Initially I thought to use the headset in a similar way to Hidden Motive I – as a delivery system for live improvised graphic scores, but with the practical addition of having a clear visor.
Hidden Motive II (May, 2018)
Initially I thought to use the headset in a similar way to Hidden Motive I – as a delivery system for live improvised graphic scores, but with the practical addition of having a clear visor. However, as I explored the META, particularly within the programming software Unity, the affordances of the system began to emerge as something quite different than I anticipated. The META headset uses infrared light to map its surroundings, and uses that mapping to both recognize and track hand gestures (grab, stretch) in realtime as well as allow for the placement of virtual objects relative to real ones. In the simplest terms – it is augmented reality – it layers a virtual landscape overtop real life. A second advantage to the Meta is the use of Unity programming, which can be combined with Tilt Brush SDK. Essentially, the graphic scores I was designing in TB could be easily imported and displayed in the Meta. As well, I could add functionality to the graphic score – make it interactive or animate them. In performance terms, the musician would be able to grab and move elements of the score, and would be able to trigger audio files in the process.
The second version of Hidden Motive was performed at TENOR Conference in Montreal in May 2018. Here the performer is laptop artist Kristina Warren with the Concordia Laptop Ensemble. As you can see the visor is also clear which makes performance a lot easier. It also projects well for the audience – giving them a first person perspective of the artist interacting with the score. The artist can grab the graphics with their hands and they loop sounds which they can then use to improvise.
Score or controller?
At this point Hidden Motive moved from the realm of 'graphic score' to the realm of 'controller' which brought up some interesting points. When I presented the work at TENOR, which is a notation conference, questions were raised by audience members as to whether the piece was a score or a controller. My impression was that it was perceived that these two categories were mutually exclusive. A score cannot be a controller and a controller cannot be a score. That would equivalent to saying that a MIDI drum machine was a score, or that Ableton's Push device was a score. This presented me with what I thought was an interesting question in the virtual age. If something is no longer a physical object, but retains the same interactive properties, does it keep it's classification or not. If 'touching' a floating graphic triggers an audio response, is it more a visual representation or an object?. What does this mean in terms of composing a VR score?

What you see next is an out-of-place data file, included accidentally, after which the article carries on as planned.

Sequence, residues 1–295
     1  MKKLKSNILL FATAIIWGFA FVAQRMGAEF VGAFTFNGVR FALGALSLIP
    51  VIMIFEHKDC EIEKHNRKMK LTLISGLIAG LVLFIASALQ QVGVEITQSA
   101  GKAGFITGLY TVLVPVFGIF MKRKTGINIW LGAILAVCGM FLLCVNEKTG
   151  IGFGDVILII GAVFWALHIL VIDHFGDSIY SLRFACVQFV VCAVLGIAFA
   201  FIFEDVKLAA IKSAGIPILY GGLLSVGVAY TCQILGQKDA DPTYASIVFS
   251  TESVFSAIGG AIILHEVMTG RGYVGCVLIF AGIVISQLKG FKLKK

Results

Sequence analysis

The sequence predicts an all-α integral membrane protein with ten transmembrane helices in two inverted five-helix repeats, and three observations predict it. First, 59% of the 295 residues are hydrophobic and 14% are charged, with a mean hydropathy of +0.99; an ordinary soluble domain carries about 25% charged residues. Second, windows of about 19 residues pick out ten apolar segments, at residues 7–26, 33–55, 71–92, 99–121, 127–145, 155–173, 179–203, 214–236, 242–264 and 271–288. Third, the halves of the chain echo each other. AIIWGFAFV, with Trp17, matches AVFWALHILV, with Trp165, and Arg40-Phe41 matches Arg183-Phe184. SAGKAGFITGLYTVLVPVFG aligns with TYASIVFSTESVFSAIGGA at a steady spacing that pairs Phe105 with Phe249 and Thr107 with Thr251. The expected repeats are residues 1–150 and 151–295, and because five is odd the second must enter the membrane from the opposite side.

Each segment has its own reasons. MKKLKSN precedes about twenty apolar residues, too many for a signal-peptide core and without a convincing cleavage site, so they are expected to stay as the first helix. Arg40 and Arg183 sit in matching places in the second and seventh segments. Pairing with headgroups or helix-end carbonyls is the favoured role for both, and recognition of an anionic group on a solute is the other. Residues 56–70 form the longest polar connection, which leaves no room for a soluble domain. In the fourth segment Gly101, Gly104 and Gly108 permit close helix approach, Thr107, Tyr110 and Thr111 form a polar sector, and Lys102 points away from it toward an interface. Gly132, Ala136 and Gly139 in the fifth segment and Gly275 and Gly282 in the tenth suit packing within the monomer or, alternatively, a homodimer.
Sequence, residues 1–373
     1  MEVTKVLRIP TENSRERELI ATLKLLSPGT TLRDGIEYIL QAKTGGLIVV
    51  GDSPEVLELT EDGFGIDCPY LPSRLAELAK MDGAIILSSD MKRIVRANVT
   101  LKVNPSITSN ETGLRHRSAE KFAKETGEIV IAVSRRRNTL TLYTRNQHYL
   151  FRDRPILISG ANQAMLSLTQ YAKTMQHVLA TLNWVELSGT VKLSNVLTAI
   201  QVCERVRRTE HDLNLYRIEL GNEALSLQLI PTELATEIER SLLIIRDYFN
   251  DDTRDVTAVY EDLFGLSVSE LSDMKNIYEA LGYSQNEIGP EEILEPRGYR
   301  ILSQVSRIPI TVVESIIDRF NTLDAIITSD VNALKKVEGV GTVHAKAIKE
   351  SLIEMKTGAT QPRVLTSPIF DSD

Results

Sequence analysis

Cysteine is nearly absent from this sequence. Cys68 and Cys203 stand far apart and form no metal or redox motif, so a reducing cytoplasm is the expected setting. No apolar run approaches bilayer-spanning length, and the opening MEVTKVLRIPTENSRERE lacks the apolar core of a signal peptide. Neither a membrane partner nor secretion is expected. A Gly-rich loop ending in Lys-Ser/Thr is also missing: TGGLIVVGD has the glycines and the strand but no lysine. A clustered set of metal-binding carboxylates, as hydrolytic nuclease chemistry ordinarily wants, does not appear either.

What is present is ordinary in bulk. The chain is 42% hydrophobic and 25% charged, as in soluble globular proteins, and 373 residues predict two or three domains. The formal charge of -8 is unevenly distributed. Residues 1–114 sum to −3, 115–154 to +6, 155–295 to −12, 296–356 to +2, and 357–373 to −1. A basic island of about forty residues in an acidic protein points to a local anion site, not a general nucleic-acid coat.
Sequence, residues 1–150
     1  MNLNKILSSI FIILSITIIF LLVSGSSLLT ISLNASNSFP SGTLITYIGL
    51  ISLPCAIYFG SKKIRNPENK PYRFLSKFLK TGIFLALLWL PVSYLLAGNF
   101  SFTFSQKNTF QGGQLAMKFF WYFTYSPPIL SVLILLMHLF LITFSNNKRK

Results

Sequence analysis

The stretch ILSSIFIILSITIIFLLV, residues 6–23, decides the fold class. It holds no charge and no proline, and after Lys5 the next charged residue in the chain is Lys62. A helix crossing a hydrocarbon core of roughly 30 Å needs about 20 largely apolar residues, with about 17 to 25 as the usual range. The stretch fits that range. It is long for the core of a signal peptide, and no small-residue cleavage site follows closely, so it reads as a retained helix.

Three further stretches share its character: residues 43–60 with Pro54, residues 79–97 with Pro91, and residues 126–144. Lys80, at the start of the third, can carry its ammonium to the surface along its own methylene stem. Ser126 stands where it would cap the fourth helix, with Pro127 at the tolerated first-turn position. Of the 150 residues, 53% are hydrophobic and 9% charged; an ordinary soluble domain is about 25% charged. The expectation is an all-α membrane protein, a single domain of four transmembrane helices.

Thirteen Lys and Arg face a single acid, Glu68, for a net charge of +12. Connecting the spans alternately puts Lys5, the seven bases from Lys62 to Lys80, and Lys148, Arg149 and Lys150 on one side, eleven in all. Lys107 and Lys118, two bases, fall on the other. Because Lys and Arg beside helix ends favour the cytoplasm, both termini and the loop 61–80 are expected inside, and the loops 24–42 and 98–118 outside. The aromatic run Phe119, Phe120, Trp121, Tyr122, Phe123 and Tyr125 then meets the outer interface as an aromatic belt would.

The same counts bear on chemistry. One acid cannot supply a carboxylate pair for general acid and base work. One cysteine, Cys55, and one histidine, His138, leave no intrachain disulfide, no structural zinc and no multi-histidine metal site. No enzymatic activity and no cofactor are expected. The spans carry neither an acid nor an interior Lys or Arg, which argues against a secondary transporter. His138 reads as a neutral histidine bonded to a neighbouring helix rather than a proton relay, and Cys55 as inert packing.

Hidden Motive III (September - November, 2018)
The third version of Hidden Motive is a further refinement, one that includes not just the triggering of sounds, but the manipulation of them through hand movements. One of the aspects of the META headset which I appreciate as a musician is it's reactivity to movement. It has great potential as both a locus of controlling sound and a locus of visual representation of sounds. The headset uses tracking technology similar to what was used in the Kinect. What I find unique about the META is it also synthesizes this movement tracking with 3 dimensional graphics. So although you see a 2D representation on the screen – within the headset the work has depth and width and can be moved in a natural manner. Sound files can be started and stopped with different movements. In addition, a manipulation field allows for working with pitch, distortion and other parameters.
But what I love about working with this headset is that the piece becomes more than the sum of it's programming. Because you can't see the field you are interacting with, you become an explorer. - carefully working out the affordances of this particular piece. There is also a glitching aspect, where slower hand movements can create richer sound effects.
Hidden Motive lies at the intersection of graphic score, controller and improvisational movement. The goal of the work is the discovery and manipulation by the performer of the affordances of the technology, which is done through physical interaction and exploration. Hidden Motive explores how individual bodies interact within a performative augmented reality environment.